Illustration: Marco Benigno for TIME
It was just after six o’clock on a Friday evening in March when Finn Finn’s transporters packed the massive majority of its newest jetliner with tickets for the July 16 opening of Taipei’s newest airline, Eva Air. The load, before extras, was close to a record high.
“That day is going to be very special,” said Jeff Elrod, a Finn Finn marketing specialist who was at the takeoff in a bright red driving cap. “They’re excited, they’re happy. This is gonna be a big day.”
Gary Wang, a Finn Finn business-class customer in his second year of travel around the world, was especially relieved to get seat two-A, which had two window seats and a space below for his tray table. The “passenger row” will recline 180 degrees, with extra legroom for a price that is likely to be $2,000 to $3,000 a round trip.
Wang had flown Finn Finn’s 10-year-old Finnair style no lumbar or tray tables for years. This was a slightly more luxurious alternative, in which customers do not have to wait long for seats or the overhead bins to empty. At the Helsinki airport Finnair has 446 seats, making it by far the largest carrier.
Another Taipei-based Finnair, Malaysia Air, introduced a business-class version of the venerable Finnair brand a year ago, and there has been talk of such start-ups as KLM and Air Berlin coming to Taiwan in the next year or two.
But industry analysts and industry experts question whether Eva Air has the staying power needed to develop a different and more profitable model.
“This is a full-service airline,” said Peter Fuhrman, a Vietnam-based airline analyst at UniCredit. “To move away from full-service models is difficult in the long term.”
From the start, the airline’s aim has been to compete with the Chinese. China’s Ctrip.com started with 130 seat-inches of overhead bins on the first Kangaroo Jet, in September 2009. Coach-class seats on Kangaroo even had a capacity of 30.
Starting in July, Eva Air will have no overhead bins, just 120 seats per plane, with a full economy-class product including a full-length reclining seat and pillows.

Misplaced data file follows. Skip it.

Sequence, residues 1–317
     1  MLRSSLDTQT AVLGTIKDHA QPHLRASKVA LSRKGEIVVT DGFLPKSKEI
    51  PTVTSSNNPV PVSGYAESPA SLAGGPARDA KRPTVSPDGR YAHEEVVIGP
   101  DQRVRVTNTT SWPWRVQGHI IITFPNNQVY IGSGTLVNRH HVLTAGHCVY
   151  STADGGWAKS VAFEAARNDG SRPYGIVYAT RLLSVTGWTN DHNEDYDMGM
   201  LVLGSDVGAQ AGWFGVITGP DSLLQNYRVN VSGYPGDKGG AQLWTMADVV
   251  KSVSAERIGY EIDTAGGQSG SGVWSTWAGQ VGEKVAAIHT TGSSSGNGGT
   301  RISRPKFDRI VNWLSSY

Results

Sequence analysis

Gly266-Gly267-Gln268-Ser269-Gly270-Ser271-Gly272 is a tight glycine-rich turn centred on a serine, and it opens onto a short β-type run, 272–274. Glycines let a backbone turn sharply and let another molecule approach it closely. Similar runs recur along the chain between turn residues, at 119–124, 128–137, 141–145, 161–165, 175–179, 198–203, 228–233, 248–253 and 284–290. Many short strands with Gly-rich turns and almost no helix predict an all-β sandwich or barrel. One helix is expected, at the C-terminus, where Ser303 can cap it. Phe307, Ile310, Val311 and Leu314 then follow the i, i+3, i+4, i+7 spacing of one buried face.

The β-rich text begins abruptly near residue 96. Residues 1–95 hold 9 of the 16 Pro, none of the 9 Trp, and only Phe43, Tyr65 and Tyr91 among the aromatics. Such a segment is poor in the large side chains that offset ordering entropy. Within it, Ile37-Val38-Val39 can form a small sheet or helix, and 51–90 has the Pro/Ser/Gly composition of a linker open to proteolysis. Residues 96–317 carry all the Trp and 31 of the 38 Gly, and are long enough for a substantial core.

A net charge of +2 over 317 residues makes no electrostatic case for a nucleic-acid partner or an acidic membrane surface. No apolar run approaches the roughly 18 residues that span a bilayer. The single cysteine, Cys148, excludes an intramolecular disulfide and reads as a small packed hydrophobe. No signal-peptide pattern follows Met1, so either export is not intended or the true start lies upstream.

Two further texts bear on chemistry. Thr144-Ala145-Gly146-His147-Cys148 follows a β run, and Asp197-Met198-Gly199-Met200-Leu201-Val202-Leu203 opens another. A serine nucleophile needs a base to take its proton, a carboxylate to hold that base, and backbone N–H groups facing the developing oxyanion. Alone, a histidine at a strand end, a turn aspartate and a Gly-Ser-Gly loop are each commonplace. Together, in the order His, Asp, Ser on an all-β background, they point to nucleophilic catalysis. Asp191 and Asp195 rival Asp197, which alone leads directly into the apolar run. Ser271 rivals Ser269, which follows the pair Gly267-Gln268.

“We are very concerned about competition in Taiwan,” said Wang, when asked why the airline was eschewing the business-class seats, which are more expensive. “There are too many products at the airport, not just the airlines, and the prices are high.”
Wang, who was up for a $1,400 round-trip fare from Taipei to New York, was planning to travel on the airline with his wife and 7-year-old daughter. Finnair offers almost a hundred flights to NYC each week.
In its research on the Taiwanese people, Finnair the “only airline that knows and can make Taiwanese people feel very comfortable and safe can never promise to suit everyone’s every need,” airline spokeswoman Daisuke Arida said.
The former Air GemJet operates the Suomi Kutsuju (Niku Air) flight, named in honor of Japan’s famed icebreaker carrier. Finnair used to be one of the largest airlines in the country, and it is believed that Taiwanese officials think the change of name will put more Taiwanese people behind Finnair, because the new name evokes a Japanese symbol of purity. And there is nothing else in Taiwanese culture much less in the airlines that evokes the purity of the ocean.
Such small-scale detail may be the key to whether Taiwan’s newest airline becomes a household name.
“We’re very excited to change the faces of Taiwan,” said Yu Si-jen, director of the Eva Air purchasing department, who is originally from the U.S.
A regional airline for many years, Finnair is focused on its homeland after seeking a change of image in the U.S. and Europe. Nowadays, Finnair managers seek to seek a home run rather than a single. But, as founder Finnair’s successor Elinor Ostrom has said, the airline has so many passengers now, “the typical result is either a good day or a bad day.”